Responsive Web Design: Fluid Grids

3d illustration: Mobile technology. mobile phoneTraditionally, websites have been built for one type of screen: the desktop or laptop screen. Today, though, we visit sites via a number of different devices, from a 15 inch desktop to a 3 or 4 inch smartphone. That’s a whole lot less real estate than developers have previously been able to fill. Rather than designing and building separate websites for each screen size possible, which would be a herculean task, or designing apps for the various app stores, many webmasters are opting for responsive web design. What is it, and how does it work?

Responsive web design ensures that your site responds to the screen environment. The design uses media queries, or modules that allow the site to figure out how to respond optimally to screen size and resolution of a particular device. Content is then formatted to fit. Ethan Marcotte, author of Responsive Web Design, says, “Responsive web design offers us a way forward, finally allowing us to ‘design for the ebb and flow of things.” With thousands of device options, having a site that fluidly responds to user needs is critical.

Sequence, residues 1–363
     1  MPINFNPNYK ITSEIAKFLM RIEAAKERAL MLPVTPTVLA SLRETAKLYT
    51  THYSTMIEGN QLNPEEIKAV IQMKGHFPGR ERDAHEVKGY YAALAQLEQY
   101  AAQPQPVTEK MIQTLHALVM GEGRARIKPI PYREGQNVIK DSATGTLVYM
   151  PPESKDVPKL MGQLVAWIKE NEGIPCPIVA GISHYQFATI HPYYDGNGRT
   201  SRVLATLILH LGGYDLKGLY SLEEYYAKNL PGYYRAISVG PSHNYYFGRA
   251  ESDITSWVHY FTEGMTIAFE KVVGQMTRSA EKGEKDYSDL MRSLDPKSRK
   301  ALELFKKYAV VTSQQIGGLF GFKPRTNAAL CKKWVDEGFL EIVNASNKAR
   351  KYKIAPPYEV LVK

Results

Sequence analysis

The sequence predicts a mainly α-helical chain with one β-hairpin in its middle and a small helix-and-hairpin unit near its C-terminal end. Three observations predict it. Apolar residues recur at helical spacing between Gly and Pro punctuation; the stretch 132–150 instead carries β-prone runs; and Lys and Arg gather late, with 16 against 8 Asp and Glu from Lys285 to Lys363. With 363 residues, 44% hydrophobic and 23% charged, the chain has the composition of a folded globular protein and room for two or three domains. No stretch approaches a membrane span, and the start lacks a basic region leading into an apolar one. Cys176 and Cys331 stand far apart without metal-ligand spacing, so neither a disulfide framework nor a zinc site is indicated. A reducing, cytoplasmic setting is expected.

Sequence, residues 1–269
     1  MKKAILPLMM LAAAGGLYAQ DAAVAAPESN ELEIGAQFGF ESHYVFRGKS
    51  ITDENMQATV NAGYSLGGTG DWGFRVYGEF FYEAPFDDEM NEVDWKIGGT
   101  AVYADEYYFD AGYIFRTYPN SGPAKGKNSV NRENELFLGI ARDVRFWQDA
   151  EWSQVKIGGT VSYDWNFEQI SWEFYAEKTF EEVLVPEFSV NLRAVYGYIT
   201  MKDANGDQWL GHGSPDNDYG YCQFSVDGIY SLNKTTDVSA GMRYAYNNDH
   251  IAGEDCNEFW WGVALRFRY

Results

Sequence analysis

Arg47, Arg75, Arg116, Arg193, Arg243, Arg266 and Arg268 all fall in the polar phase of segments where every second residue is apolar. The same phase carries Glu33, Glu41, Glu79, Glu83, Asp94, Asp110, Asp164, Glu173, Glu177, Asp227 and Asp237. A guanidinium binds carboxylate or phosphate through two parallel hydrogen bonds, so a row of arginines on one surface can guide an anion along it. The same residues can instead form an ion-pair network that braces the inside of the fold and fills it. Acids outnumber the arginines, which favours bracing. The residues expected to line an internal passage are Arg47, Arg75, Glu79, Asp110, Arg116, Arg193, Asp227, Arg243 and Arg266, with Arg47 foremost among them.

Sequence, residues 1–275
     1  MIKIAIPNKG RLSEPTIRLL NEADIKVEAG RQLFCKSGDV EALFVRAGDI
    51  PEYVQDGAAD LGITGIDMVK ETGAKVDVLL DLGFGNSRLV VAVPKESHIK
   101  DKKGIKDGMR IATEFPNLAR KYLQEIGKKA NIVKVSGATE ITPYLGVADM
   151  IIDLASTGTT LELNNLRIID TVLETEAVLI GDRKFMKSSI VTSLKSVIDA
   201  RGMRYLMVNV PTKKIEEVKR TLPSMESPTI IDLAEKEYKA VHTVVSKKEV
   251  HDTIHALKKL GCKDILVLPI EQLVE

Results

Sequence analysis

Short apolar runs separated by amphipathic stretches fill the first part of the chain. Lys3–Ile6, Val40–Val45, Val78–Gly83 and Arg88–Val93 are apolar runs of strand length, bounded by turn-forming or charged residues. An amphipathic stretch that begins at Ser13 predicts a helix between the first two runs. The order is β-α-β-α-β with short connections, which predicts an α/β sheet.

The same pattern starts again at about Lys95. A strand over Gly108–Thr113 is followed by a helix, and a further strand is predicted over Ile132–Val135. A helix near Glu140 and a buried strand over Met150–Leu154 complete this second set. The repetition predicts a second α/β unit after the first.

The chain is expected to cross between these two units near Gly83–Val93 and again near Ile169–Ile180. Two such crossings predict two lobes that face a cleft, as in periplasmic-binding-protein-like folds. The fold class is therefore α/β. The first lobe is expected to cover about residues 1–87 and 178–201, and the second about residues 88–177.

Responsive design begins with a fluid grid. Rather than having a fixed grid, developers define a maximum layout size and divide the grid into columns. This ensures the layout is clear and, well, responsive. Each element is designed with proportional heights and widths. With fixed design or adaptive design, it was based on pixels, which did not change when the screen changed. With responsive design, elements actually adjust their heights and widths.  This means content is viewable, regardless of the screen.

Creating fluid grids is time- and labor-intensive. A forgivable “cheat” is using an existing framework or generator tool on which you will build your layout. This will cut down on the work and give you a great platform. Another benefit is that, if you are new to this, you can use a generator, learn the basics, and then try your hand at building the next one from the ground up.

Some terrific fluid grid tools include:

Remember, creating the fluid grid is an essential part of creating a responsive website – but it is not the only component. Next time, we’ll talk about media queries to ensure users can view and interact with content on smaller screens.

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